By Lisa Hamel
Everyone loves a good treasure hunt. At Easter, kids take flight as they search out eggs filled with candy and other delights. Even as adults, we love a good movie about a treasure hunt. X marks the spot and off on a merry adventure they go!
Parenting has been the ultimate adventure for me and I have found that spiritual and emotional maturity in both my children and myself don’t just happen. Maturity requires attention and intention.
Do you have a maturity map for you kids? Do you know where they are headed? Do they? If we don’t have a purpose in our parenting, both parents and children can stray from their values and identity. We can stray away from the true treasure of living in fellowship with Christ.
As Dr. Jim Wilder states: “Children who know where they are going will fight their parents far less than those who are just being pushed along without knowing the goal.”
Dr. Wilder, who is an expert on the brain and the Bible, has identified key stages of development in life. There are specific tasks of maturity that will ideally occur in each of these stages. The following is research that can be found in depth through Life Model Works ministry, or through my website, www.yourbrainonjoy.org.
Though by no means exhaustive or formulaic, these tasks have changed my parenting strategy and my relationships for the better! As moms, these are great questions to ask about our parenting so that we value what truly matters. At the end of each of these stages, we hope to be able to answer these questions with “yes!”
Infants (Birth to Age 4)
Have their needs been met consistently?
Have they been delighted in so much that they know they are a source of joy?
Do they know that God loves them?
Have they been introduced to the concept of right and wrong?
Infants should be treasured! Delight in them. Their brain potential for life is developing in this stage! The baseline for much of an infant’s biochemistry is formed as their needs are being met and they are sharing joy.
Children (Ages 5-12)
Can they communicate what they need? (So many adults struggle with this!)
Can they do hard things?
Do they understand sin and have they accepted Christ?
Children can learn to do hard things. With just the right amount of support, they can learn to do hard things and build confidence in doing so. This support can be slowly removed as they journey toward adulthood. Ultimately, children have learned to take care of themselves.
Adults (13- Parent)
Can they identify their emotions and work through them?
Can they honor other’s feelings even if they differ from their own?
Do they desire mutually satisfying relationships or do they just want to take from others? (If they’ve received life as an infant, they will be equipped to give life to others.)
Do they have a personal relationship with Christ that is based out of gratitude and love for him?
Though many cultures celebrate a “rite of passage” ceremony, it has mostly been lost here in America and I think we’ve done ourselves a disservice. Teens should be celebrated and enjoyed as they grow into adulthood, not feared!
Young Adults need to be allowed to pursue God-honoring passions. They have the most energy of any stage of life, so they need important things to do. As they move into this stage where they find their “tribe,” young adults need to find a people group that reminds them of who they are in Christ. As a parent, do whatever it takes to help your young adults find Christian friends.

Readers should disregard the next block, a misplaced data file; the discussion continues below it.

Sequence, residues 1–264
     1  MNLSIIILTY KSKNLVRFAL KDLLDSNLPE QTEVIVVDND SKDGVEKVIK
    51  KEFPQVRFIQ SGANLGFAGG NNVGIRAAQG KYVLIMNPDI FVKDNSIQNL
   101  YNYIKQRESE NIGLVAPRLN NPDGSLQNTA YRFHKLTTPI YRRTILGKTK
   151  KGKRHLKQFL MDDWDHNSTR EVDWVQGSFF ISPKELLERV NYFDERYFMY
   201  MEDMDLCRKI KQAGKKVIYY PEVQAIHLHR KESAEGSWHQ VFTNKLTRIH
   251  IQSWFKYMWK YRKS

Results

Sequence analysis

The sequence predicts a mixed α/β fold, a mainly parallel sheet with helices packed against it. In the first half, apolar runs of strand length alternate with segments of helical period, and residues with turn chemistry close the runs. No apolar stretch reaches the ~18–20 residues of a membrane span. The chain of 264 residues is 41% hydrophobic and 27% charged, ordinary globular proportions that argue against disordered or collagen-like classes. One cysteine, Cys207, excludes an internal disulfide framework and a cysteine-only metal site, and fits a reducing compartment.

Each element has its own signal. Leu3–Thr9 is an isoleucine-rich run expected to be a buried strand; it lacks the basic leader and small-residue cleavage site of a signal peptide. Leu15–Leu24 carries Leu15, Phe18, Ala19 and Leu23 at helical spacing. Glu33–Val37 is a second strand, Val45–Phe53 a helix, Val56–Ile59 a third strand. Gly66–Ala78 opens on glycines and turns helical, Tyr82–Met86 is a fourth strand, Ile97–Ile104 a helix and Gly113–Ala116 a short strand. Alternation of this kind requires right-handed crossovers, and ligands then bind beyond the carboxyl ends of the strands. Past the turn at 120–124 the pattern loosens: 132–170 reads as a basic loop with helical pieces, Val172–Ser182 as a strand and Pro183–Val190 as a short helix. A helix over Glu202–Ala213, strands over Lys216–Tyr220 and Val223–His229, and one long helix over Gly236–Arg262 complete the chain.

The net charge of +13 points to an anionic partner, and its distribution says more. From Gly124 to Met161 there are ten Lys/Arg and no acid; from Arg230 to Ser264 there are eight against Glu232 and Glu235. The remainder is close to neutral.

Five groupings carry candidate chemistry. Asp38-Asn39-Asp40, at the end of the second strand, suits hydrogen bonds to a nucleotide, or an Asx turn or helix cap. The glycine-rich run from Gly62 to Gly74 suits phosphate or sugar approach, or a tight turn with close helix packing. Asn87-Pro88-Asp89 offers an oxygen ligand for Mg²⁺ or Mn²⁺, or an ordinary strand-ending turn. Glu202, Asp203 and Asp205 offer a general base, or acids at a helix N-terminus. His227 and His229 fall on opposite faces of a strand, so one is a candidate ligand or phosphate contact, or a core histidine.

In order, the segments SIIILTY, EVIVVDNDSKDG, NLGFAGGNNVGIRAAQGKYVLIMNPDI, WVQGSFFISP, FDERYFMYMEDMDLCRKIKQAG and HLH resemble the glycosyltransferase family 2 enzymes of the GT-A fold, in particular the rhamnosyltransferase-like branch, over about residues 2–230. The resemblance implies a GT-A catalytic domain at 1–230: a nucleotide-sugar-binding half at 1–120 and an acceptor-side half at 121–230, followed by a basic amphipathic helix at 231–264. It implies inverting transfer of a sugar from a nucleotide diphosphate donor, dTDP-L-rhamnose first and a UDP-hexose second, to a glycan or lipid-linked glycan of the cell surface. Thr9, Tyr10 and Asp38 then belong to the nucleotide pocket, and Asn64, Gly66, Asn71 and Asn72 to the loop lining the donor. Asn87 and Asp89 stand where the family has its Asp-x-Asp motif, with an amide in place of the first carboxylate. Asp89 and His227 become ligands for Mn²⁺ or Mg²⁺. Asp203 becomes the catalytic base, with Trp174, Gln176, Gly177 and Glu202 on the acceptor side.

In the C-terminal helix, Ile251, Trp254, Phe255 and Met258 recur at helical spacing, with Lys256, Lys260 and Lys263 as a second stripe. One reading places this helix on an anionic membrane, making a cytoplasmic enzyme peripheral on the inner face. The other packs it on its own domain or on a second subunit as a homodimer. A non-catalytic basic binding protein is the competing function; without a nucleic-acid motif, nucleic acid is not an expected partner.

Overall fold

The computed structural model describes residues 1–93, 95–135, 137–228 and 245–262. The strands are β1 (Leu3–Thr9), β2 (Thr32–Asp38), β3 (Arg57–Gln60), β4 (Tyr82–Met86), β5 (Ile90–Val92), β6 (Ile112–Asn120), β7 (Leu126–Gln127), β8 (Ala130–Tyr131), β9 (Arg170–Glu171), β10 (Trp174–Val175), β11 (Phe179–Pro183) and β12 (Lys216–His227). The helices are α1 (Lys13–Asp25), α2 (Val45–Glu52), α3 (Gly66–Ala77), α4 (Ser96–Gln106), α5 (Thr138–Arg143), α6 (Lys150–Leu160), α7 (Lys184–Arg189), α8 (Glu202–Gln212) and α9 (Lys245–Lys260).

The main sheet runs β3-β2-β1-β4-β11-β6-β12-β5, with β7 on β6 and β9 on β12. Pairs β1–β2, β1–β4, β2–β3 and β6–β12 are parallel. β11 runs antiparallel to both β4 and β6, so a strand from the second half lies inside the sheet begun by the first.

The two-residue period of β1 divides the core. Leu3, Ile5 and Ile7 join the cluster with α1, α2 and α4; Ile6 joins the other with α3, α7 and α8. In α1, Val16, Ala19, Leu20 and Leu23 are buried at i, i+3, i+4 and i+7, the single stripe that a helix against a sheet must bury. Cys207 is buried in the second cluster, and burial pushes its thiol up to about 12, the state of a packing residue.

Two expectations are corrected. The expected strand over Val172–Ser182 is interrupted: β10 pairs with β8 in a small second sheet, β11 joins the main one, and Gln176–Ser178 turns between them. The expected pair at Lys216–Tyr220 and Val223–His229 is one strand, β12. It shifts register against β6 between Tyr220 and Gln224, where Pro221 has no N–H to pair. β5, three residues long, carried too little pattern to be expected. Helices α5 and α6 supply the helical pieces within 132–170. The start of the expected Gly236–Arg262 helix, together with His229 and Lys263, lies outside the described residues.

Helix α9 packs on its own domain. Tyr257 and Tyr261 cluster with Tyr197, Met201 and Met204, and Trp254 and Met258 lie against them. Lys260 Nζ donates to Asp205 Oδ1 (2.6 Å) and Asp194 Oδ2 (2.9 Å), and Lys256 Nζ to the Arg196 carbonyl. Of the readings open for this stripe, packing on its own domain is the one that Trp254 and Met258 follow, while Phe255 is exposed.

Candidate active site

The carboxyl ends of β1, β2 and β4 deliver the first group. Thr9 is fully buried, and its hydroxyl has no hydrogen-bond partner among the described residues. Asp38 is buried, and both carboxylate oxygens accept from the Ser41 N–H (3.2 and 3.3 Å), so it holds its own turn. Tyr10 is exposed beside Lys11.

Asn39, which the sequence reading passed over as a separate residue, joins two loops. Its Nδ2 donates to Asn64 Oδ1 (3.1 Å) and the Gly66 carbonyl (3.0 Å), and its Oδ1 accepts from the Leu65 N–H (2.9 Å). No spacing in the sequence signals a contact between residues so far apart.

These are the stages we are responsible for training as our children grow up in our homes. But life goes beyond that and God wants to continue to grow us!
Parents (First child’s birth to last child is an adult)
Can we manage our own negative emotions AND someone else’s while still keeping relationships bigger than problems?
Are we more fulfilled to give than to receive?
Elder (until heaven)
Can we share joy freely?
Do we believe God still has a purpose for us? - He does!
Can we suffer well?
Do we use our time and emotional resources to model maturity for others?
It should be understood that we all have areas of missing maturity because we were raised by broken humans who were raised by broken humans etc. But we can grow remedially! The beauty of the Body of Christ is that we can learn from others and like swiss cheese, as we stack on top of each other, the holes get filled, amen?!
Wouldn’t it be amazing if we took responsibility for our maturity and pursued it with intention so that we can pass down a legacy to our children? Even if we didn’t get everything right so far, it’s never too late! God doesn’t give up on our growth!
Philippians 1:6 says: "And I am sure of this, that he who began a good work in you will bring it to completion at the day of Jesus Christ.” ESV
So as moms, delight in your babies and meet their needs. Teach your kids to do hard things by modeling it yourself. Help them find the language to communicate their emotions in a healthy way. Engage with them when they are interested in you as a parent, because it only lasts for a season.
Tell stories about your family and your history. I’ve never met a kid who didn’t love to sit and hear stories or see their baby pictures or pictures of grandparents etc. God hard-wired this into our brains.
Ultimately we want our children to know their part in God’s redemptive story. This is a huge part of their identity. And there are such riches in growing into the likeness of Jesus. His plan is the best plan for us. Living for his kingdom truly is the treasure at the end of the map.
Lisa is currently "SAHM-ing." In the past she has been a pastoral counselor, a singer, a music director, and an accountant! She lives in a multi generational home in the Pacific Northwest with her two boys, her amazing husband, and her mother. She is a coffee snob and a health nut who loves to dance like no one is watching. Check her out on Instagram and Facebook!